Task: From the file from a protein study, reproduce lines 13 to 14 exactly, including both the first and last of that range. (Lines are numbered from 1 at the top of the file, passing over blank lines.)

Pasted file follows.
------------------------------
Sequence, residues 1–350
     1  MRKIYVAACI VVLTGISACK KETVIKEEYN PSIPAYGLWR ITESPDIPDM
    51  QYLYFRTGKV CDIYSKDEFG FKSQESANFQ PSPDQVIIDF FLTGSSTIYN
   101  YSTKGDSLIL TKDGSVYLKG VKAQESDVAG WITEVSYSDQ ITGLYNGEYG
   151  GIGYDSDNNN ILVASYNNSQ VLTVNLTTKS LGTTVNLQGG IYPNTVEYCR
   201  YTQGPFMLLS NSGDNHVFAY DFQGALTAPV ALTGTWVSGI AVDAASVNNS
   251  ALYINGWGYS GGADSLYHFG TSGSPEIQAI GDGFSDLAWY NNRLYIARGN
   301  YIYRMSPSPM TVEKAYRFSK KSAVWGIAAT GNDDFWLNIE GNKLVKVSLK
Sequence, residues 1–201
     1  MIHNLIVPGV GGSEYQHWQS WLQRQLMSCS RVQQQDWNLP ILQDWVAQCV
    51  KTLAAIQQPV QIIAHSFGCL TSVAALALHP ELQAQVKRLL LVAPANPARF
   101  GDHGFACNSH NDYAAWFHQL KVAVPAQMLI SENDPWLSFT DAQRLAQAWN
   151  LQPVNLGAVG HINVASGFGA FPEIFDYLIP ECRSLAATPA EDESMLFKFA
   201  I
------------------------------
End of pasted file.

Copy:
   151  LQPVNLGAVG HINVASGFGA FPEIFDYLIP ECRSLAATPA EDESMLFKFA
   201  I